The inherent gender bias embedded in our society creates unique challenges for female leaders which are very difficult to navigate.
“Women are sent confusing messages on how to lead and how to behave,” said Monique Tallon, women’s leadership and inclusion expert, speaker and author. “They are told to be assertive but if they are too assertive, they can be regarded as aggressive or difficult to work with. They are expected to be passionate but not too passionate because then they may be seen as emotional.”
Female leaders are balancing on a tight-rope, putting a lot of energy into figuring out how to present themselves.
Deep-rooted stereotypes impact the ways in which men and women are perceived differently at work. While men are associated with leadership qualities, women are perceived as nurturers and care-givers.
“This stereotype boxes a lot of women into a place where they feel they have to be the nice girl to get ahead,” said Tallon. “It creates a double bind which results in a choice between being liked and being respected.”
Instead of trying to emulate male leaders, women should tap into their unique feminine traits to build loyalty and respect, Tallon believes.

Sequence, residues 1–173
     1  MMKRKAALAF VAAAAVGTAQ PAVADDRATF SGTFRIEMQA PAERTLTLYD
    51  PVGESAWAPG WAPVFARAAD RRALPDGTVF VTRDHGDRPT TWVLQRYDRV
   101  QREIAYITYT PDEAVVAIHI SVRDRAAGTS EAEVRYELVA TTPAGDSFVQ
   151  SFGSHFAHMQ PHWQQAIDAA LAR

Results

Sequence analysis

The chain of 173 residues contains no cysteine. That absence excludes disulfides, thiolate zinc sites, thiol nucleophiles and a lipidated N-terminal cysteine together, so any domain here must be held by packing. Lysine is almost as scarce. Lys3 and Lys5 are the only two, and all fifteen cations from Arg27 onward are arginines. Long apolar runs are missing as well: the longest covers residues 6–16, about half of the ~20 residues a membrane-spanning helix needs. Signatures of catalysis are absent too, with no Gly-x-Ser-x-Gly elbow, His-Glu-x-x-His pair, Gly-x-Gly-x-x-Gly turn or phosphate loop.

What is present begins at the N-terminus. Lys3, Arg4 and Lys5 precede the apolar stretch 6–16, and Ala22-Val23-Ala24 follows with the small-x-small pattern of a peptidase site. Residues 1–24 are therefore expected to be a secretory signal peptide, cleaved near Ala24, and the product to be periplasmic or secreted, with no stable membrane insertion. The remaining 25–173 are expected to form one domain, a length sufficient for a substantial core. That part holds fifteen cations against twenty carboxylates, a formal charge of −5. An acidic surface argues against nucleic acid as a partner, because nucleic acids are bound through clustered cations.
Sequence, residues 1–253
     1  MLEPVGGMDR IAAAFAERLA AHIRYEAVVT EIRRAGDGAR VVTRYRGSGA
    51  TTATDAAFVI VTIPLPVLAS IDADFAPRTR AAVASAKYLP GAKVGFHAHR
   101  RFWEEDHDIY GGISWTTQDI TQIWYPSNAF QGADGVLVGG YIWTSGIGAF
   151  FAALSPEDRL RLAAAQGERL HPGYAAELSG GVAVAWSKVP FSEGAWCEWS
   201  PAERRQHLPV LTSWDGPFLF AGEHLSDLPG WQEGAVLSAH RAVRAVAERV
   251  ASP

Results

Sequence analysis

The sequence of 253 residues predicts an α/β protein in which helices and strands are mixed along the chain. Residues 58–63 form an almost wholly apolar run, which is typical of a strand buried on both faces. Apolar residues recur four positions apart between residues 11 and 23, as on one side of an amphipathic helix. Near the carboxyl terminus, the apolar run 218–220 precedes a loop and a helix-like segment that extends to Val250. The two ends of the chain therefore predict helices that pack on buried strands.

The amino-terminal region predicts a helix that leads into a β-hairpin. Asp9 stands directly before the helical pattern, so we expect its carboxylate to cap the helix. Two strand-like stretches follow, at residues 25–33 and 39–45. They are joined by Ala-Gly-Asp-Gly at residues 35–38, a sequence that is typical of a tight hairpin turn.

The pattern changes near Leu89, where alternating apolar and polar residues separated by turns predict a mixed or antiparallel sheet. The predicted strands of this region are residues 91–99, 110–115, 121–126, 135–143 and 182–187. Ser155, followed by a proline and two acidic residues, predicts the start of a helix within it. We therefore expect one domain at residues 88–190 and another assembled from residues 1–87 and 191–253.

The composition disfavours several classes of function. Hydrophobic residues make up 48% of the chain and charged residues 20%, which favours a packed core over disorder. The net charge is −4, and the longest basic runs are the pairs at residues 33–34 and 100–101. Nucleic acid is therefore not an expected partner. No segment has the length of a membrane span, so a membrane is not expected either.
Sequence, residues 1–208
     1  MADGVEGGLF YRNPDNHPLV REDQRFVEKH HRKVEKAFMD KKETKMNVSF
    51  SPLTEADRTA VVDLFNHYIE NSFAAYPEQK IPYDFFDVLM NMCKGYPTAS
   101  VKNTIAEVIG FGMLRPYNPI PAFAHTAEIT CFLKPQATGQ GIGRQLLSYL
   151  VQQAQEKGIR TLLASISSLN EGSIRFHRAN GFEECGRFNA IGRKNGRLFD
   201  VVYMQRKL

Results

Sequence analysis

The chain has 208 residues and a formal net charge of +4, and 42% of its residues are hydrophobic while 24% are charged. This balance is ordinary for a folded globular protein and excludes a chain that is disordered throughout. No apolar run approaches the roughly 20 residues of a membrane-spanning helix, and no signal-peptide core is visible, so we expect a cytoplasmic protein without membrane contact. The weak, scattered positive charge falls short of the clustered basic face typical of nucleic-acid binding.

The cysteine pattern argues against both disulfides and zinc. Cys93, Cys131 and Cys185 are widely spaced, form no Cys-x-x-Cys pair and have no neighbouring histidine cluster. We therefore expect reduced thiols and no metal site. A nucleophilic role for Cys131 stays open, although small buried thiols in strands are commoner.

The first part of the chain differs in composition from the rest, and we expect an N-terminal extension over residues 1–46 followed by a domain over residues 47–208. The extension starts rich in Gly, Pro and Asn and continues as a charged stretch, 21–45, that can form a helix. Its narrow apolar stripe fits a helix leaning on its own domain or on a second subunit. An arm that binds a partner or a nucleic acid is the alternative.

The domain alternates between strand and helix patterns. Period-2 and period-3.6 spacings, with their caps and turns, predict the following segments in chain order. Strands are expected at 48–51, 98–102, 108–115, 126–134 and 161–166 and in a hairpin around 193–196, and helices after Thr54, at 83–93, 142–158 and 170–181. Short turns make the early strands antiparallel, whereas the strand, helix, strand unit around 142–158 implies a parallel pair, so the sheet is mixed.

“Showing empathy and care for others, taking time to develop your team, being more collaborative and inclusive of others; these are all qualities that people are looking for in leaders today,” said Tallon.
“Businesses should be valuing these feminine strengths in every step: in the hiring process, in job performance evaluations and in leadership,” she said. “Women bring unique qualities that are essential for driving business to meet the challenges of the 21st century.”
Demonstrating the ideal leadership style is not a “one size fits all” scenario. In order to strike a balance, Tallon recommends looking at each situation individually and considering the desired outcome.
Tallon is a Greater Los Angeles-based thought leader on women's leadership and the published author of Leading Gracefully: A Woman's Guide to Confident, Authentic and Effective Leadership, which introduces the feminine leadership model she developed to play to women's strengths and help them be more impactful as leaders. She is also the CEO of Highest Path, a boutique global consulting firm which strives to close the gender gap within companies.